When Jesus arrived, he found that Lazarus had already been in the tomb for four days.
We may wonder sometimes if Jesus knows our grief. We forget that he is just as human as we are. When Martha goes out to meet Jesus, she is meeting with a dear friend. Unsettled, with mixed thoughts and feelings, she tells the Lord, “If you had been here, my brother would not have died.” It can sound almost as though she is reprimanding him. But her frankness over her frustration really shows how close she is to him, and him to her.
We know she knew him intimately, because her next words indicate the depth of her faith, “I know whatever you ask of God, God will give you.” This is also a humble prayer.
We see that Martha’s supplication moves Jesus, who already knew what he would do two days before he set out toward Judea. Prompted by her heartfelt words, Jesus engages her with his own words of encouragement, though to her it may not seem so at first. Is he challenging her faith?
On the one hand, Yes. Jesus challenges everyone’s faith in this Gospel:
Lazarus has died. And I am glad for you that I was not there, that you may believe.
On the other hand, No, that is not his point here. He offers her consolation and fortitude. Perhaps, Martha can sense this, but her thoughts are confused, understandably. We know she has faith, and we can see that she trusts Jesus — hence, the conversation.
Note that Martha went out to see Jesus, and she invokes him first. But who really initiated the conversation? Jesus traveled a great length to see her.
In a way Martha did begin this conversation, when she sent messengers to tell Jesus that Lazarus was ill. What she may not realize is that Jesus had this whole conversation they are having in mind long beforehand.
We need to believe God knows what we need before we ask for it in prayer. We must trust that he has our best interest in mind. For Martha, maybe what is best for her is actually the confirmation of her own faith. God knows the depth of her faith, does she? Maybe she needs to hear her own words to realize it. Jesus is the one who prompts her to say:
Yes, Lord. I have come to believe that you are the Christ, the Son of God.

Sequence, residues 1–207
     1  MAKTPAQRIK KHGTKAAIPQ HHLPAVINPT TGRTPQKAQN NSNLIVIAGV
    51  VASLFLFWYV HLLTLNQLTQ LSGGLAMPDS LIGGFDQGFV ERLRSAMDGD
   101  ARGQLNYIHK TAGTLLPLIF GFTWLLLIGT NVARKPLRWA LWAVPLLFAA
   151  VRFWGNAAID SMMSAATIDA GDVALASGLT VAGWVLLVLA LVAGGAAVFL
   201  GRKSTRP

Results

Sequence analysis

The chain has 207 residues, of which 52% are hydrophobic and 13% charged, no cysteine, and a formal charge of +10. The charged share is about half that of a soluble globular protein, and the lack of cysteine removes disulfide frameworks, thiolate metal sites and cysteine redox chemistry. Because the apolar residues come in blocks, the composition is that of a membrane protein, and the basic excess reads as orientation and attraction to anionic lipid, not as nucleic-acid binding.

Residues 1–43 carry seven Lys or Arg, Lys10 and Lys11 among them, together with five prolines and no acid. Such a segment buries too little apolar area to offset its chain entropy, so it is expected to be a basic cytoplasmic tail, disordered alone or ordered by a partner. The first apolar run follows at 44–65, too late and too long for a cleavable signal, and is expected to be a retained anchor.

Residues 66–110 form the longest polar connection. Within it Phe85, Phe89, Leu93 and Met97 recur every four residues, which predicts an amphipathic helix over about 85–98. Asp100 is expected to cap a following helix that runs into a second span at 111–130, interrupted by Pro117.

This is a confirmation of faith, not a test.
Next we see Jesus initiates the conversation with Mary. When she hears the words, “The teacher is here and is asking for you,” she rushes out to meet him, with tears.
Mary’s tears, not her words, move Jesus to work this miracle, because tears from the heart are the sincerest form of prayer.
Jesus, in his humanity, does not hold back his emotion when he sees and hears Mary weeping. Everyone who witnesses him crying is also moved by the Lord’s tears. They can see that he is human — See how he loved him! — but can they see him as God? — Could not the one who opened the eyes of the blind man have done something so that this man would not have died?
What happens next is most interesting. The Gospel tells us that Jesus was perturbed, that is, very upset by their lack of faith. This perhaps is the hardest thing for us to understand, what this miracle represents as a strong foreshadowing of his Passion, the extent to which God will go in order for us to believe in him.
I love this scene from Jesus of Nazareth. It is a little melodramatic (the whole movie is and that’s one of the things I really love about it). I think it has to be that way, because how else can one portray the emotion — the very tears of God? What other way can we experience them, than in our personal relationship with him? Films like this, are a great help for some people, like myself, as an aid to step into the Gospel and bring the Gospel into the real situations of life.
Our 40 Days are almost over. Palm Sunday is less than a week away. The Church in her liturgy invites us to stay close to our Lord during this time and grow in our faith, hope, and love for him. The best way to do this is through the Gospel and prayer combined.
Let’s be close to God and share our deepest heartfelt emotions with him as he shares his with us during these days.